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Exercise is not just for weight loss and sport anymore. Recent studies show that as well as positively boosting our muscles, it changes quality of our fat. Just as we better understand cholesterol and the different effects of various fats, we’re beginning to grasp the fact that both good and bad fat are present within the body.
We also have evidence that exercise influences how fat in the body behaves. Two new studies of mice and humans, sponsored by the American Diabetes Association (ADA) and the National Institutes of Health and presented at the ADA’s 73rd Scientific Sessions, indicate that exercise turns on a host of metabolism-boosting genes in fat that improve glucose tolerance and mitigate the effect of a fatty diet.
“Most of the research has focused on how exercise or exercise training can affect skeletal muscle,” notes Laurie Goodyear, Ph.D., of the Joslin Diabetes Center in Boston. “Exercise doesn’t just affect muscle, it doesn’t just affect the heart, it actually affects probably every tissue in the body.”
Of Mice And Men
In one of these studies, mice ran on an exercise wheel for 11 days straight. In the other, physically fit men rode an exercise bike one hour per day, five days per week, for 12 weeks. In both cases, scientists found a browning of the subcutaneous white adipose tissue (SCWAT), the fat located under the muscles and not between muscle and skin. (The fat under your skin, the fat you can see, is a dangerous form of fat implicated in heart disease and diabetes.) In addition to the cardiovascular and muscular health benefits of exercise, the studies showed that exercise actually changes the quality of body fat, shifting the way it behaves.
In the animal study, researchers transplanted brown fat from the exercising mice into fat, sedentary mice who were filled with white fat. As a result, the brown adipose tissue made positive changes in the sedentary mice. For 12 weeks after they received the brown fat transplant, the sedentary mice enjoyed better glucose tolerance and insulin sensitivity. And when the fat mice were fed a high-fat diet that would have otherwise sharply increased their blood sugar, their blood sugar levels remained “significantly lower… suggesting the transplanted subcutaneous white adipose tissue exerted endocrine effects,” the researchers said.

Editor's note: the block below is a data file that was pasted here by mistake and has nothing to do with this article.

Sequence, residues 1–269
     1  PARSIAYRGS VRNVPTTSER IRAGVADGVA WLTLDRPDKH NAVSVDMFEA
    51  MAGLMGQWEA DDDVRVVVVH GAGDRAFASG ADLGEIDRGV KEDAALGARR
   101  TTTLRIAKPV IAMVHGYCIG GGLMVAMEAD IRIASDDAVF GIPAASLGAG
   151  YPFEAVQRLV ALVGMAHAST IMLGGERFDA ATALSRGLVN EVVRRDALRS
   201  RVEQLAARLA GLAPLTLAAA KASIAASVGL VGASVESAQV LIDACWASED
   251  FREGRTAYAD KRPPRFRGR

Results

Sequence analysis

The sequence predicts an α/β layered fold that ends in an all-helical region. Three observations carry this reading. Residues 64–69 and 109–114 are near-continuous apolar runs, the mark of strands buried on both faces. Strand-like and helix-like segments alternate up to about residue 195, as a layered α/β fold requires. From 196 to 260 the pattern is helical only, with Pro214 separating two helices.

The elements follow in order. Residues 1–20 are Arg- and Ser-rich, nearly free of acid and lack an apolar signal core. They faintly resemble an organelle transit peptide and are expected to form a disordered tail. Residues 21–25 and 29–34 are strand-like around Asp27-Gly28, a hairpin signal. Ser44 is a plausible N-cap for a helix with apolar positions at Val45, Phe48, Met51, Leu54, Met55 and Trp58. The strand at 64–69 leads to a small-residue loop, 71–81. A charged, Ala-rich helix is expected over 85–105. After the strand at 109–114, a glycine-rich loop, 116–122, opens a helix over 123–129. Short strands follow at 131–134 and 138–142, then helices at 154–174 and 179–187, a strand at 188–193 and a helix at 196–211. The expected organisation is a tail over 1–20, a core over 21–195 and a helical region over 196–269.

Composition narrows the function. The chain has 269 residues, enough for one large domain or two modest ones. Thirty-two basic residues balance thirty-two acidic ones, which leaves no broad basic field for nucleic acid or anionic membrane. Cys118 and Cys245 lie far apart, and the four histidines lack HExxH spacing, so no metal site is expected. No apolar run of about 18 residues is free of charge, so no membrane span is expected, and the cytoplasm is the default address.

These studies suggest that fat does not have to stay in a permanently harmful state. Instead, its gene expression can be changed. It can be trained to produce positive effects when you exercise and, thus, become good fat.
This change involves positive changes in metabolism, mitochondrial biogenesis, oxidant stress and signaling, and membrane transport. These changes, in turn, boost glucose tolerance, improve body composition, decrease fat mass and decrease the negative effects of a fatty diet.
Exercise may induce fat cells to secrete proteins that act as a signal for other tissues. “It’s clear that when fat gets trained,” notes Stanford, “it becomes browner and more metabolically active. We think there are factors being released into the bloodstream from the healthier fat that are working on other tissues.”
This is great news for those who don’t exercise and eat a questionable diet: Simply exercising and getting your heart rate going faster for a time every week can lead to healthful changes in your body fat. Moreover, even if you don’t lose weight, your exercise regimen still improves your metabolism.